|Surgery without entering the urinary tract||Only if risk factors (*) are present, antibiotic prophylaxis with a cephalosporin or aminopenicillin with β-lactamase inhibitor is recommended, alternatively, clindamycin or gentamicin. Antibiotic prophylaxis is recommended for major surgery, independent of risk factors.|
|TURB, TURP, ureteroscopy, PNL||Cephalosporin or aminopenicillin with β-lactamase inhibitor, alternatively, clindamycin, cotrimoxazole or gentamicin.|
|Perineal prostate biopsy||Aminopenicillin with β-lactamase inhibitor or cephalosporin, alternatively, clindamycin or gentamicin. Single administration is sufficient.|
|Transrectal prostate biopsy||Combination administration (possible drugs are aminopenicillin with β-lactamase inhibitor, gentamicin, fosfomycin or cephalosporin) over 1–3 days is necessary. Consider targeted prophylaxis based on a rectal swab. Fluoroquinolones are no longer approved for prophylaxis in many countries.|
Dosages of Perioperative Antibiotic Prophylaxis
- Aminopenicillins: amoxicillin and clavulanic acid 2.2 g i.v., ampicillin and sulbactam 3 g i.v.
- Cephalosporins: cefazolin 2 g i.v., over 100 kg body weight 3 g i.v., cefuroxime 1,5 g i.v., over 100 kg body weight 3 g.
- Clindamycin: as an alternative in allergies: 600 mg i.v., over 100 kg body weight 900 mg i.v.
- Cotrimoxazole: as an alternative in allergies: 960 mg i.v.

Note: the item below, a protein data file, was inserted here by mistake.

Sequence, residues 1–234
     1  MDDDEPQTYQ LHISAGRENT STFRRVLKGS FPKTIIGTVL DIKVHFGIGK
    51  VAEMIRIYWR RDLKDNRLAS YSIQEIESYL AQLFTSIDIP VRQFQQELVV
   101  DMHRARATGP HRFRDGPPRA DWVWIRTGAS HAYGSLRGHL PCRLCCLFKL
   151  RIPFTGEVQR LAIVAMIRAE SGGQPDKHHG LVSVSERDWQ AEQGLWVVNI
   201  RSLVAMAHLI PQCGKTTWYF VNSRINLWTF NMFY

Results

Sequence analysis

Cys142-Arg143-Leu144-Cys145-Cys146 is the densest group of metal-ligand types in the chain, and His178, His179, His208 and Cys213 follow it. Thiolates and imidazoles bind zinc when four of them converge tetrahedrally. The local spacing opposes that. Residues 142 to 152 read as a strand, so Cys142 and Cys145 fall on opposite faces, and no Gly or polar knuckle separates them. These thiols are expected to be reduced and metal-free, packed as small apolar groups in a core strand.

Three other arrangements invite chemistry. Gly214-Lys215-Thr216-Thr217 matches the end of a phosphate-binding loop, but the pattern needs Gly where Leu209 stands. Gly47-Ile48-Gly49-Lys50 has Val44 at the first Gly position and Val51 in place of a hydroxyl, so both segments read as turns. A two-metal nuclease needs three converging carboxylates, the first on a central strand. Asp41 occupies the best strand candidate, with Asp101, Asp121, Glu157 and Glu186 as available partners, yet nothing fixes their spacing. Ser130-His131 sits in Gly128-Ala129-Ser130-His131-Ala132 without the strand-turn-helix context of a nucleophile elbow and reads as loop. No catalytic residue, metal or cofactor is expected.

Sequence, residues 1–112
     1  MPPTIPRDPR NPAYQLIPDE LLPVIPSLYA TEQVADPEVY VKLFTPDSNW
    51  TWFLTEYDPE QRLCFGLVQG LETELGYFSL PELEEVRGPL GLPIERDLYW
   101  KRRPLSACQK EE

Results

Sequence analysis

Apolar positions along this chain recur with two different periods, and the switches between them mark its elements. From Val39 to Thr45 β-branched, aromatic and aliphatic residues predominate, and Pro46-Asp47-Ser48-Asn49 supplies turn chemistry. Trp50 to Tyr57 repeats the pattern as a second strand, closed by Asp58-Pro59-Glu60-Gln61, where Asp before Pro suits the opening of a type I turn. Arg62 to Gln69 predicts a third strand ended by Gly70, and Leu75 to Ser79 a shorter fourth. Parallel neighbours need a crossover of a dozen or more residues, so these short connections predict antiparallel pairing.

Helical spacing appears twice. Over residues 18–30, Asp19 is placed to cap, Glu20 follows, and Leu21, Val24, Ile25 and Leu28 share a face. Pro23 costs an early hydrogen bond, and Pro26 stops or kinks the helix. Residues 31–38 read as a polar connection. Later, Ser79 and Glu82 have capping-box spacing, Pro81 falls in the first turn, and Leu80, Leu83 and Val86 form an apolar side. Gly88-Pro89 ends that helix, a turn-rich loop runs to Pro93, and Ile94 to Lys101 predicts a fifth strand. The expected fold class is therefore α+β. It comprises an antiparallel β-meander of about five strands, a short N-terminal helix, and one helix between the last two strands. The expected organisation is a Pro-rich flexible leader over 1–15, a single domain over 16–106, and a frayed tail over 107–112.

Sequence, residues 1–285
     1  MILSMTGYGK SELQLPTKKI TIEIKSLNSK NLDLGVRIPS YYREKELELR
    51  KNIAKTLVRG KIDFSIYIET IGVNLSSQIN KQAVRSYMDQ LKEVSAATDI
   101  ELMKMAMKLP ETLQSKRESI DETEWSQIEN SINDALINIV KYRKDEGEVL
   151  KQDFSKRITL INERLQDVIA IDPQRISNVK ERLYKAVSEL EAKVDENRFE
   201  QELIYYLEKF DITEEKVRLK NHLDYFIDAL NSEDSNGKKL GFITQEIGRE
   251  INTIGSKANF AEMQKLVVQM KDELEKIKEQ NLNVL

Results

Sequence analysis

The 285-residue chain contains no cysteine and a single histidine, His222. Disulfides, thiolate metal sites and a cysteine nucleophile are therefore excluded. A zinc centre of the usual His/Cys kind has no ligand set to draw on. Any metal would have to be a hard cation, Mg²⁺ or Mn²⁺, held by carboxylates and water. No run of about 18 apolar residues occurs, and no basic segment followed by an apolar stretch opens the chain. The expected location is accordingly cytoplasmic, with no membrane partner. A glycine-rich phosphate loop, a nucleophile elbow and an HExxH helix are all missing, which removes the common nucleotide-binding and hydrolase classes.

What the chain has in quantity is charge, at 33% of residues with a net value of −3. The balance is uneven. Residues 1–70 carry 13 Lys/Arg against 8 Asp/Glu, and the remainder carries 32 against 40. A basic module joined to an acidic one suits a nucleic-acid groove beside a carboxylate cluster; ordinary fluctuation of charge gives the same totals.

- Gentamicin: as an alternative in allergies: 3 mg/kgKG
- Metronidazole: 500 mg i.v., over 100 kg body weight 1000 mg i.v.
|Surgical site infection||Index||Abbreviations|
Index: 1–9 A B C D E F G H I J K L M N O P Q R S T U V W X Y Z
Cummings 1994 CUMMINGS, P.:
Antibiotics to prevent infection in patients with dog bite wounds: a
meta-analysis of randomized trials.
In: Ann Emerg Med
23 (1994), Nr. 3, S. 535–40
Cuthbertson u.a. 1991 CUTHBERTSON, A. M. ;
MCLEISH, A. R. ; PENFOLD, J. C. ; ROSS, H.:
A comparison between single and double dose intravenous Timentin for
the prophylaxis of wound infection in elective colorectal surgery.
In: Dis Colon Rectum
34 (1991), Nr. 2, S. 151–5
Jensen u.a. 1990 JENSEN, L. S. ; ANDERSEN,
A. ; FRISTRUP, S. C. ; HOLME, J. B. ; HVID,
H. M. ; KRAGLUND, K. ; RASMUSSEN, P. C. ;
Comparison of one dose versus three doses of prophylactic
antibiotics, and the influence of blood transfusion, on infectious complications in acute and elective colorectal surgery.
In: Br J Surg
77 (1990), Nr. 5, S. 513–8
McCray u.a. 1986 MCCRAY, E. ; MARTONE, W. J. ;
WISE, R. P. ; CULVER, D. H.:
Risk factors for wound infections after genitourinary reconstructive
In: Am J Epidemiol
123 (1986), Nr. 6, S. 1026–32
Medeiros und Saconato 2001 MEDEIROS, I. ;
Antibiotic prophylaxis for mammalian bites.
In: Cochrane Database Syst Rev
(2001), Nr. 2, S. CD001738
Mishriki u.a. 1990 MISHRIKI, S. F. ; LAW,
D. J. ; JEFFERY, P. J.:
Factors affecting the incidence of postoperative wound infection.
In: J Hosp Infect
16 (1990), Nr. 3, S. 223–30
Moro u.a. 1996 MORO, M. L. ; CARRIERI, M. P. ;
TOZZI, A. E. ; LANA, S. ; GRECO, D.:
Risk factors for surgical wound infections in clean surgery: a
multicenter study. Italian PRINOS Study Group.
In: Ann Ital Chir
67 (1996), Nr. 1, S. 13–9
Pessaux u.a. 2003 PESSAUX, P. ; MSIKA, S. ;
ATALLA, D. ; HAY, J. M. ; FLAMANT, Y.:
Risk factors for postoperative infectious complications in
noncolorectal abdominal surgery: a multivariate analysis based on a
prospective multicenter study of 4718 patients.
In: Arch Surg
138 (2003), Nr. 3, S. 314–24
A. W. Partin, C. A. Peters, L. R. Kavoussi, R. R. Dmochowski, and A. J. Wein, Campbell-Walsh-Wein Urology, 12th ed. ISBN-13: 978-1455775675: Elsevier, 2020.
Zimmerli 1998 ZIMMERLI, W.:
[Antibiotic therapy in surgery].
69 (1998), Nr. 12, S. 1392–8
Deutsche Version: perioperative Antibiotikaprophylaxe in der Urologie